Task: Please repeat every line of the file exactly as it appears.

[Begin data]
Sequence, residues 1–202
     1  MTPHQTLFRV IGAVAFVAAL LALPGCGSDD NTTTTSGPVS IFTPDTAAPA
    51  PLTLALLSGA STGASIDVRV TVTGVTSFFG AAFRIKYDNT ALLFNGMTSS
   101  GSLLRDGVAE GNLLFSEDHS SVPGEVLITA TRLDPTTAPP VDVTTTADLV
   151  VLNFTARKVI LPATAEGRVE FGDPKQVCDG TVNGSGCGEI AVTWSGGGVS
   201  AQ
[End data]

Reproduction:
Sequence, residues 1–202
     1  MTPHQTLFRV IGAVAFVAAL LALPGCGSDD NTTTTSGPVS IFTPDTAAPA
    51  PLTLALLSGA STGASIDVRV TVTGVTSFFG AAFRIKYDNT ALLFNGMTSS
   101  GSLLRDGVAE GNLLFSEDHS SVPGEVLITA TRLDPTTAPP VDVTTTADLV
   151  VLNFTARKVI LPATAEGRVE FGDPKQVCDG TVNGSGCGEI AVTWSGGGVS
   201  AQ